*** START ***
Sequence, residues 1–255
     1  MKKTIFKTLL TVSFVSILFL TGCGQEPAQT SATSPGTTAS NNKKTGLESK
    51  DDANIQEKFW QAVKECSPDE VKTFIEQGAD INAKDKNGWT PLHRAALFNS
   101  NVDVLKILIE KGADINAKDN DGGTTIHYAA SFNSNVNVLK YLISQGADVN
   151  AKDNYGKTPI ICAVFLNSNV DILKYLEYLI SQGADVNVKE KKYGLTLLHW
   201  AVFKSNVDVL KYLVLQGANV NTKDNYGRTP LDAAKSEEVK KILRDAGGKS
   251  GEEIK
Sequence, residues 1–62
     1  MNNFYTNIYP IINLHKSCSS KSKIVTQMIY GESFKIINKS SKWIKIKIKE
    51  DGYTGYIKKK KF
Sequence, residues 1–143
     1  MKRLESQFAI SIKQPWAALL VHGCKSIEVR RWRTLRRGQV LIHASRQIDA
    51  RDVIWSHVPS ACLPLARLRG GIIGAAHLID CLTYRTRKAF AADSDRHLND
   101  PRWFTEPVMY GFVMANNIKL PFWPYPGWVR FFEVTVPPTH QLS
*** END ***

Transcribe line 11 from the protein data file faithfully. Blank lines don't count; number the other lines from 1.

Sequence, residues 1–143